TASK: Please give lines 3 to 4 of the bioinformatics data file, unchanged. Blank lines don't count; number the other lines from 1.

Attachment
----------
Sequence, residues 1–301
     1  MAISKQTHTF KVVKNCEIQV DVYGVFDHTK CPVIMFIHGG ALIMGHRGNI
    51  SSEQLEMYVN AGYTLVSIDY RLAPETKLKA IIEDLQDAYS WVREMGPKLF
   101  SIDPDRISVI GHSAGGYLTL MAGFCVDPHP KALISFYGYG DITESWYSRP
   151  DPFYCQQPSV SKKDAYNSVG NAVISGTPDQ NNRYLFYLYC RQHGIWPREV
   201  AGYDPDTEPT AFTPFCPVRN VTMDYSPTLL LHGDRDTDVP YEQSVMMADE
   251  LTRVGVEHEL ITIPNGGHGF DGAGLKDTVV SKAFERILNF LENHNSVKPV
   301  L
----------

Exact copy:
    51  SSEQLEMYVN AGYTLVSIDY RLAPETKLKA IIEDLQDAYS WVREMGPKLF
   101  SIDPDRISVI GHSAGGYLTL MAGFCVDPHP KALISFYGYG DITESWYSRP